# Calculate Force on Bike at 8.3 m/s: umg + mv^2/R

• Naeem
In summary, the biology student rides her bike around a corner with a radius of 24 meters and a speed of 8.3 m/sec. The combined mass of the student and the bike is 87 kg, with a coefficient of static friction between the bike and the road of μs = 0.39. The magnitude of the total force between the bike tire and the road can be calculated using the equation F = mv^2/R + μsmg, taking into account the normal force, weight, and friction force. This equation also shows that the centripetal force must come from friction as there is no other lateral force acting on the bike.
Naeem
Q. A biology student rides her bike around a corner of radius 24 meter at a steady speed of 8.3 m/sec. The combined mass of the student and the bike is 87 kg. The coefficent of static friction between the bike and the road is μs = 0.39.

What is the magnitude of the total force between the bike tire and the road?

Is it F = umg + mv^2 / R [ 'u' here is the static firction 0.39 ]

Is this right.

No.The friction force is centripetal force...It prevents slipping.So what are the forces involved there...?

Daniel.

Force of gravity and Normal force, what else can it be?

There must be 3:what about the friction force...?

Daniel.

Ok, I agree 3 forces,

but the final eqn,

would it be something like this:

mg + mv^2/R +Us.mg

Forces are vectors. Any addition of forces in this problem is going to involve vector sums.

Centripetal acceleration has to come from somewhere. The equation that tells you how big it must be, does not tell you what provides the force. Two of the forces in your equation are the same force.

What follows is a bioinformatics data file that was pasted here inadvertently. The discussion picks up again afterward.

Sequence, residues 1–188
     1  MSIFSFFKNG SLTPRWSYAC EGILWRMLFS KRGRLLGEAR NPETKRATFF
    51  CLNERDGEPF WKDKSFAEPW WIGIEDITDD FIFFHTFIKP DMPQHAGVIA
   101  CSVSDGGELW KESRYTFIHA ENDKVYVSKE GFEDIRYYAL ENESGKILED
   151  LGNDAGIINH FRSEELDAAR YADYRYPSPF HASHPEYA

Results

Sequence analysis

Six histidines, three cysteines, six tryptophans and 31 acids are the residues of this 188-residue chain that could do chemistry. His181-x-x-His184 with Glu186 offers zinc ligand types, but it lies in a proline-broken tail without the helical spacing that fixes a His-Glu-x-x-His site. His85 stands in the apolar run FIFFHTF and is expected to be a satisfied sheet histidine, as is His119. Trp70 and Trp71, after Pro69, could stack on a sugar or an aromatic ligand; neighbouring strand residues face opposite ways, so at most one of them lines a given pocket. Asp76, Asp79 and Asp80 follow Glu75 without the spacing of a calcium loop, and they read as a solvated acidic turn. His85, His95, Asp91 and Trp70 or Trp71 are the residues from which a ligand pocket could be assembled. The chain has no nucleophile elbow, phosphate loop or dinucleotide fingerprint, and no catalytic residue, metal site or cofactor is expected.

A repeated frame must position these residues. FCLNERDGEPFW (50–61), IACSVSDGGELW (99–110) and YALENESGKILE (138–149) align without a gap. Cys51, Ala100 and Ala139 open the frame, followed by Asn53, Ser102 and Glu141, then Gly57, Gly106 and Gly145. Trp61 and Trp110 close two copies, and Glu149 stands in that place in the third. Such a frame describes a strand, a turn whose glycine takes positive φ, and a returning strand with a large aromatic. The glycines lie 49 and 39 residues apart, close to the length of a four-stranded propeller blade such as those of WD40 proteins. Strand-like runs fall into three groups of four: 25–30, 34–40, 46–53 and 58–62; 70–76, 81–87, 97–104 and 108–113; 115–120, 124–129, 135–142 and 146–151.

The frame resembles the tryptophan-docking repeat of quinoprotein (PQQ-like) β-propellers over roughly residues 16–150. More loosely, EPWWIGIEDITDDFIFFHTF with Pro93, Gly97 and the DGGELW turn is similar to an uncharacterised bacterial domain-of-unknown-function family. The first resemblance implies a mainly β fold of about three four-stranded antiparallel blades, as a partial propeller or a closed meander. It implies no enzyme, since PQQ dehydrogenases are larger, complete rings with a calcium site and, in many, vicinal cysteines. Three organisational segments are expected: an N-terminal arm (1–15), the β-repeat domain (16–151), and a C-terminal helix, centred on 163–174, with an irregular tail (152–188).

Just write Newton's second law for radial and vertical direction...

Daniel.

ok you know that centripital force is given by F=mv^2/r right? since the bike is traveling in a horizintal circle, the centripital force has to be a lateral force towards the center of the circle. the only lateral force between the tire and the road is friction. in the vertical direction you have weight and normal force but they cancel each other out so they are irrelevant. therefore the total net force between the bike tire and road = Ff (force friction) and that has to equal centripital force, so the force F=Ff=mv^2/r

Last edited:
Felix83, it looks like the question about the force which the road exerts on the bike tire. That means it includes the normal recation (horizontal) and the reaction directed towards the center of the turn. Both forces dived between two tires, and they perpendicular to each other. You need to use the Pythagoras' theorem

## 1. What is the formula for calculating force on a bike?

The formula for calculating force on a bike is F = umg + mv2/R, where F is the total force, u is the coefficient of friction, m is the mass of the bike and rider, v is the velocity of the bike, and R is the radius of the circular path.

## 2. How do I determine the value of u in the formula?

The coefficient of friction, u, can be determined by conducting experiments or using tables that provide friction coefficients for different surfaces. It is a dimensionless value that represents the resistance between two surfaces in contact.

## 3. What is the significance of the velocity, v, in the formula?

The velocity, v, in the formula represents the speed at which the bike is traveling. It is squared in the formula because the force required to maintain a circular motion increases with the square of the velocity.

## 4. Can the formula be used to calculate force on a bike at any speed?

Yes, the formula can be used to calculate force on a bike at any speed as long as the other variables (u, m, and R) are known. However, it is important to note that the force may vary at different speeds due to factors such as air resistance and changes in surface conditions.

## 5. How can I use this formula to improve my biking performance?

By understanding the factors that contribute to the force on a bike, you can make adjustments to improve your performance. For example, reducing air resistance by changing your body position or choosing a smoother surface can decrease the force required to maintain a certain speed. Additionally, increasing your speed will also increase the force, so you can use this formula to set goals and track your progress as a cyclist.

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